• Sticky tack or Tape

 

3. The “hOUme is Where the Heart is” String Art

OUHAthens, Ohio is home to Ohio University founded in 1804 and over 20,000 OU students now call it hOUme. Athens quaint is a college town that is at the center of all things Ohio University. This craft is based on a popular pinterest craft found here and a tutorial can be found here. A perfect reminder of our Athens roots.

Materials Needed:

  • Masonite board
  • Nails (varying sizes)
  • Thread
  • Ribbon for frame (optional)

 

4.  The Pawprint of Memories

pawNothing creates more nostalgia than reminiscing on old memories and adventures at Ohio University. Looking through old pictures in the dorms, while at extra curricular activities or out on court street will always remind you of the good times. What better way to display all your good times than in a picture collage? A site to create a shaped collage can be found here.

Materials Needed:

  • Printed pictures
  • Poster Board
  • Scrapbook paper
  • Glue Glitter glue (optional)
  • Sticker letters (optional)

 

5. The Bobcat Crayon Art

crayonOhio pride is deeply seeded; show we bleed green by surrounding any Ohio University logo with our school colors. Based on another trendy Pinterest craft found here or look at a tutorial found here.

Materials Needed:

  • Canvas
  • Multiple shades of Green crayons or any desired colors
  • Hair dryer
  • Desired logo
  • Masking tape

It’s all Different when you switch to B2B

June 26, 2014

By: Kelsey Miller @Kelsey_65

Once getting into public relations, the initial thought of most starry-eyed freshmen and newbies to the industry is being able to connect a business to the general public. What people don’t think about is the market of business-to-business marketing, or B2B marketing. The B2B world may not seem as exciting to a hungry PR star in training, but the reality of the matter is that anyone and everyone that wants to work the agency life will most likely be taking on a B2B account at some point. Sure, you may not care how medical equipment ends up in your local ER, but it is a big industry that has a lot of money in it.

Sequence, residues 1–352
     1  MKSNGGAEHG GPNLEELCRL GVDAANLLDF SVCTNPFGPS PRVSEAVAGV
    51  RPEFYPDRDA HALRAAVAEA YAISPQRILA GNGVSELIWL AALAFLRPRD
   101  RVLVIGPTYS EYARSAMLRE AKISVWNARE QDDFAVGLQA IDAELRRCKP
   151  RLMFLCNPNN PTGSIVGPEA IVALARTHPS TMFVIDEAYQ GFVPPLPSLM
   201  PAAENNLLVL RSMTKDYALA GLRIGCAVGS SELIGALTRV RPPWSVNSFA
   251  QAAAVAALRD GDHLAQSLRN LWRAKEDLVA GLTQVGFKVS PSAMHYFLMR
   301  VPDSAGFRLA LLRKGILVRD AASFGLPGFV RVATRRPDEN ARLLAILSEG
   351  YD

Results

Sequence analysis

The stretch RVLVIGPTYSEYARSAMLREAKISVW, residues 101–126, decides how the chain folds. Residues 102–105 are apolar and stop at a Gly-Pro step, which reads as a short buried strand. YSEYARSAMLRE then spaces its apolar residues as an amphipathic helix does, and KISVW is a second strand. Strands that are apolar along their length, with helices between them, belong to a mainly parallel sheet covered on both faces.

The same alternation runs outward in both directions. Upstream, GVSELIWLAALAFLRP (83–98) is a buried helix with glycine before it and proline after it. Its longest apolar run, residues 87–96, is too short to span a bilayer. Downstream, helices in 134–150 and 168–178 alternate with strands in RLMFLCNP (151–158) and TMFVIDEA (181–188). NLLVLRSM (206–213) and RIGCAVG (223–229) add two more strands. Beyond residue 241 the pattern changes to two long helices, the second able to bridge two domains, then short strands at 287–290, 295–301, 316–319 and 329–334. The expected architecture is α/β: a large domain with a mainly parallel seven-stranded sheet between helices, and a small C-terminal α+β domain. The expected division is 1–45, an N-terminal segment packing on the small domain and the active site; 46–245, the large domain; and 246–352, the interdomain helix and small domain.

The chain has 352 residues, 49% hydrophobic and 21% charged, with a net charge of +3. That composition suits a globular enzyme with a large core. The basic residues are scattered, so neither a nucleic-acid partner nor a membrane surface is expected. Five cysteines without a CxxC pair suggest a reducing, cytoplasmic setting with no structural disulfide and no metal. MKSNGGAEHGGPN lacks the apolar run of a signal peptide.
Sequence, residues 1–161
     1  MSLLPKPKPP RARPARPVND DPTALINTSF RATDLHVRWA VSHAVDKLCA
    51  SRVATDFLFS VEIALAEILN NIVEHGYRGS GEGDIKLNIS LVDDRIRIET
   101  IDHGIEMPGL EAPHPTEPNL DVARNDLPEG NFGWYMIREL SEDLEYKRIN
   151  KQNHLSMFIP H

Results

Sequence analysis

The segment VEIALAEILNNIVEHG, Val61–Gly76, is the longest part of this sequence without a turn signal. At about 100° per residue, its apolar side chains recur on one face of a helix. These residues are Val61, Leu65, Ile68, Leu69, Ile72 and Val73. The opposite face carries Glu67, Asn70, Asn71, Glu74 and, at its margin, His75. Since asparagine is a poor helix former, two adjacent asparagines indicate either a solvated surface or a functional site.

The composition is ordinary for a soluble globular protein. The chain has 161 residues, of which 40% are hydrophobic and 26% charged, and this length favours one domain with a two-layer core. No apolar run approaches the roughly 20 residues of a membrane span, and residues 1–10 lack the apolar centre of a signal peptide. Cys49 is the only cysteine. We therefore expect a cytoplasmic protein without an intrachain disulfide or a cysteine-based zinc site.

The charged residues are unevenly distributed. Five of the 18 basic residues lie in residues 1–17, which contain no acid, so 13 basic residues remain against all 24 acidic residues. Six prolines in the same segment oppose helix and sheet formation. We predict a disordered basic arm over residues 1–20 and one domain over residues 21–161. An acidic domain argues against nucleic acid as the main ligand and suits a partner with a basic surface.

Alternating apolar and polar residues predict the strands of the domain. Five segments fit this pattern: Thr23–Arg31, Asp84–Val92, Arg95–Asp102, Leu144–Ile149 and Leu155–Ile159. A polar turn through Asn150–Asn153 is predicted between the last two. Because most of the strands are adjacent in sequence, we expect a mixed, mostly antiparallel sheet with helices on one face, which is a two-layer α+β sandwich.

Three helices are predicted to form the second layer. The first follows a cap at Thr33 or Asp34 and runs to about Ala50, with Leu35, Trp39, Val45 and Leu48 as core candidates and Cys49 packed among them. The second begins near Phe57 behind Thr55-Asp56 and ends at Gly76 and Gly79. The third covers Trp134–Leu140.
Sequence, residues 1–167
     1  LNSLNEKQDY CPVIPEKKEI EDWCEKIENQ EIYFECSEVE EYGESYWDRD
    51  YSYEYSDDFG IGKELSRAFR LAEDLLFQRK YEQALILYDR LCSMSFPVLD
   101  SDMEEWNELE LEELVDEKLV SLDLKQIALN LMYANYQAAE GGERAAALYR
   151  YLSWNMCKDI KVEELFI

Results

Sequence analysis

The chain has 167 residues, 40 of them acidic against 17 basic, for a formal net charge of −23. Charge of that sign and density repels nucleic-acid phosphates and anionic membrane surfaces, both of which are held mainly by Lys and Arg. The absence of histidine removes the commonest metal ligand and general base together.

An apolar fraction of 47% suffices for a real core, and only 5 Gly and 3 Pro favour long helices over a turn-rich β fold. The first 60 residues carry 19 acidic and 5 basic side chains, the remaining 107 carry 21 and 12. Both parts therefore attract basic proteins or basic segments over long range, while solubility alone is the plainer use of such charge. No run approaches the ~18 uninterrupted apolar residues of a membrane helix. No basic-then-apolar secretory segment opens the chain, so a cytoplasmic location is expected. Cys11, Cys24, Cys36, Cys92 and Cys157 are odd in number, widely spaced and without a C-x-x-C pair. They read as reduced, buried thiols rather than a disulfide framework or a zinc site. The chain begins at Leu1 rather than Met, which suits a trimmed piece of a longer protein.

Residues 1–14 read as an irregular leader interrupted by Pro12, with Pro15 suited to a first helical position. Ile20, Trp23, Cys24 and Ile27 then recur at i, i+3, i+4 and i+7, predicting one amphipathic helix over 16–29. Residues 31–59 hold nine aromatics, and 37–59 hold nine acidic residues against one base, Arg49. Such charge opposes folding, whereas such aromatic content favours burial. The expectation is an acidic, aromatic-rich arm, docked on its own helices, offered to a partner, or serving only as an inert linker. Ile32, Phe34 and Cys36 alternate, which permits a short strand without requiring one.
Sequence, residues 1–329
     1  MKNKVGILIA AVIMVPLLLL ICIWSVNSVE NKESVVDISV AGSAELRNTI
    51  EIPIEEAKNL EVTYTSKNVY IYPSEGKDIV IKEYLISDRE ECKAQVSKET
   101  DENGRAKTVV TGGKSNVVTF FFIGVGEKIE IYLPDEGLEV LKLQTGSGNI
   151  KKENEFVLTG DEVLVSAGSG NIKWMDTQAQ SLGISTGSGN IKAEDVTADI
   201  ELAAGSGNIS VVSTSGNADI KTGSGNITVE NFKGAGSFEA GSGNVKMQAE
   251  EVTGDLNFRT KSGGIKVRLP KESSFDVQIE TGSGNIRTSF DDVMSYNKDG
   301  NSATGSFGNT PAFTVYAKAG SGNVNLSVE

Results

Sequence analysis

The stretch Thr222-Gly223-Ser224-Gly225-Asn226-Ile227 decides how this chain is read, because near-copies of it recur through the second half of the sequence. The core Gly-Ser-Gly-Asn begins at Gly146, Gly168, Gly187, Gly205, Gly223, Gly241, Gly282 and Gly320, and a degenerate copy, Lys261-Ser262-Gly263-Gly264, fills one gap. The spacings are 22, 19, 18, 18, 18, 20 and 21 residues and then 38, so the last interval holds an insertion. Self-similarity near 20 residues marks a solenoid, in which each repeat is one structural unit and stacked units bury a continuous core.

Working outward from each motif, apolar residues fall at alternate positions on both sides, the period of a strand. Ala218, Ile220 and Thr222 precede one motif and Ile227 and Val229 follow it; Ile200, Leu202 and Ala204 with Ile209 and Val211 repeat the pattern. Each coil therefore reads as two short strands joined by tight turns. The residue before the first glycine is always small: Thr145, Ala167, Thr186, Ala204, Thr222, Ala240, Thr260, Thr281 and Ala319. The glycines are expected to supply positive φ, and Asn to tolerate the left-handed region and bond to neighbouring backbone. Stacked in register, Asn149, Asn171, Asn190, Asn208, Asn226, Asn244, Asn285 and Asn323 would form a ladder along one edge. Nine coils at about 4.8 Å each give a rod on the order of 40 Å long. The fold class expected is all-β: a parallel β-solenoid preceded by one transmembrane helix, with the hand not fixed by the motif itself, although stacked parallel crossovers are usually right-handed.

DMU = Decision Making Unit

The decision making unit (DMU) between consumers of the general public and clients of businesses are polar opposites. We will take Whirlpool for example. Selling stoves to consumers directly would make for a small decision making unit. In a family of four (two parents and two children), the DMU would be the two parents versus if Whirlpool was trying to sell to restaurant chains across the nation. The DMU of a business would be much more than two people, hence, making it much more complicated.

The approach of B2B marketing is much more personal in contrast to B2C. No need to spend millions on TV advertising, and no need to focus so much on social media. Although social media is a very important attribute in this type of marketing, it isn’t everything. Sales in this industry resort to a lot of personal interaction to make sales. Businesses in this market aren’t targeting millions of people, but more like dozens of businesses. The DMU may be smaller in B2C, but there are fewer clients to advertise to overall in B2B. The first thing to do is to market internally with a company with mono-e-mono customer relationship building. This gives the PR reps a good grasp on the client personally as well as better understanding client’s brand and what they are looking for.